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Robbing Peter to Pay Paul

NIH managers aren't following the advice of review panels and are "giving hundreds of millions of dollars a year to scientists," namely young investigators, "whose projects are deemed less scientifically worthy than those denied money," says the New York Times. From a Government Accountability Office report, the Times says that 19 percent of awarded grants made in 2007 were exceptions, and is nearly double the 2003 level.

"I see the value of providing more opportunities to our graduates," Federation of American Societies for Experimental Biology President Mark Lively says. "There's an important need to create openings for those individuals."

The American Society for Biochemistry and Molecular Biology's Peter Farnham, says it's too much. "At 19 percent, they're taking too much from the more seasoned investigators,” he says. "We would be comfortable with a somewhat lower level."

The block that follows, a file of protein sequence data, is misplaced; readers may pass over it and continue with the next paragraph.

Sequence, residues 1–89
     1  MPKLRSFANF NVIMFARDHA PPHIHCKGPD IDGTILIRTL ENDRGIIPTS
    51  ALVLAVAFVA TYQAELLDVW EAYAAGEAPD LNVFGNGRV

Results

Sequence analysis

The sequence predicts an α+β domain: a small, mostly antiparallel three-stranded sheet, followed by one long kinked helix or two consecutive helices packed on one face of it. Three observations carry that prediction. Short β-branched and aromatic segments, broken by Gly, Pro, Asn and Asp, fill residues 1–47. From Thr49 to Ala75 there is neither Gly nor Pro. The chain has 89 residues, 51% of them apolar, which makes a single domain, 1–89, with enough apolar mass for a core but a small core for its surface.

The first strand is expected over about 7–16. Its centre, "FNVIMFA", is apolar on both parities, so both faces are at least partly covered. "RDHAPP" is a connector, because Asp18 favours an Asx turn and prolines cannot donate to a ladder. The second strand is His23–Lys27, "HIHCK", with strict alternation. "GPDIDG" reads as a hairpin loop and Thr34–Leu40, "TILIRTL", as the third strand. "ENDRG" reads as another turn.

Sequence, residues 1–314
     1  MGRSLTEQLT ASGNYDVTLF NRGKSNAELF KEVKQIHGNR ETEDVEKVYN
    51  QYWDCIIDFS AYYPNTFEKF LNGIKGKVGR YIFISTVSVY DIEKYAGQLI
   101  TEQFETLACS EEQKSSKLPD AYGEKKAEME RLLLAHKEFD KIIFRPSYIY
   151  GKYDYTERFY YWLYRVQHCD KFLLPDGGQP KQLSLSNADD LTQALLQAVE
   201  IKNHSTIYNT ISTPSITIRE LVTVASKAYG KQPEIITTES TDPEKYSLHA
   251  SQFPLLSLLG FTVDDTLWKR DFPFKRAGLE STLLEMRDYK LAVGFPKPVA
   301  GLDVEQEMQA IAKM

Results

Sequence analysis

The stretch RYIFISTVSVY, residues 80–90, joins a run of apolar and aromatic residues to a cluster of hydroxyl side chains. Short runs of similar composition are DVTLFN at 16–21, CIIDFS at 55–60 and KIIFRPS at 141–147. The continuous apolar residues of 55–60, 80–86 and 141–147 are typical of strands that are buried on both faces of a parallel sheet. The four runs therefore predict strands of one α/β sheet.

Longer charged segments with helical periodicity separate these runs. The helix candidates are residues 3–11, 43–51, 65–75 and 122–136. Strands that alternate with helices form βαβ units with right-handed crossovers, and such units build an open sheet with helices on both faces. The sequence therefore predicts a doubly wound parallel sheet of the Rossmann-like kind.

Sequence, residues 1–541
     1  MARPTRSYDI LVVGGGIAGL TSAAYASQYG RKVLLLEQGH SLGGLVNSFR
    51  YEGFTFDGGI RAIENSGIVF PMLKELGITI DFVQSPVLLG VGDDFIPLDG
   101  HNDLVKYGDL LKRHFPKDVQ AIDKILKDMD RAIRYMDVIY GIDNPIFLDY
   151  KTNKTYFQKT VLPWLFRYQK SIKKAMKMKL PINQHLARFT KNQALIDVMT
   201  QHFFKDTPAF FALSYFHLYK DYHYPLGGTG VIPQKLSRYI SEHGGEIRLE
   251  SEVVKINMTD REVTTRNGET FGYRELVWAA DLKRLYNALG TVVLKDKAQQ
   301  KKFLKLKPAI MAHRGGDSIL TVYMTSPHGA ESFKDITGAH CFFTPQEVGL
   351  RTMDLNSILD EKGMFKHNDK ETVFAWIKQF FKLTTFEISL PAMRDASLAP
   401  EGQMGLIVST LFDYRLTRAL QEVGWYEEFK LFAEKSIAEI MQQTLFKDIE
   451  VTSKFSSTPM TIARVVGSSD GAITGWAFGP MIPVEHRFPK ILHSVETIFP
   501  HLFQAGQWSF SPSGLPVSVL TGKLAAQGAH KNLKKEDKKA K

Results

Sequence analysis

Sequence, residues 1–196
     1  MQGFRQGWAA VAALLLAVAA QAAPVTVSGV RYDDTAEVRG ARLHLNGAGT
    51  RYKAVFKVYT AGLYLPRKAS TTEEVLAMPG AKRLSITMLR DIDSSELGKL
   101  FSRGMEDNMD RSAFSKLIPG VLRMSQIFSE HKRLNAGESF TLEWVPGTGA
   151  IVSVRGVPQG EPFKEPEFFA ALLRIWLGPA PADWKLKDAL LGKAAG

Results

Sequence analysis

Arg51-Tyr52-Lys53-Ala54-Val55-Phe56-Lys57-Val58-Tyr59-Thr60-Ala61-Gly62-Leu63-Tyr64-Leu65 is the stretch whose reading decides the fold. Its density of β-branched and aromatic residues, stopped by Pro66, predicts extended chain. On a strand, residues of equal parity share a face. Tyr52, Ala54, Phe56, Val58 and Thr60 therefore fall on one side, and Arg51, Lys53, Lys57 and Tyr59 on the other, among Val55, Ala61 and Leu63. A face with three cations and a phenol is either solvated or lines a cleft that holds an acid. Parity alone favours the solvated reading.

NIH says that all the funded grants are deserving. "By reaching down, we're not sacrificing the quality of the science but instead reaching new investigators," says Sally Rockey, the acting director for extramural research. "We have a far greater amount of high-quality science projects than we could ever fund."

The Scan

Missed Early Cases

A retrospective analysis of blood samples suggests early SARS-CoV-2 infections may have been missed in the US, the New York Times reports.

Limited Journal Editor Diversity

A survey finds low diversity among scientific and medical journal editors, according to The Scientist.

How Much of a Threat?

Science writes that need for a provision aimed at shoring up genomic data security within a new US bill is being questioned.

PNAS Papers on Historic Helicobacter Spread, Brain Development, C. difficile RNAs

In PNAS this week: Helicobacter genetic diversity gives insight into human migrations, gene expression patterns of brain development, and more.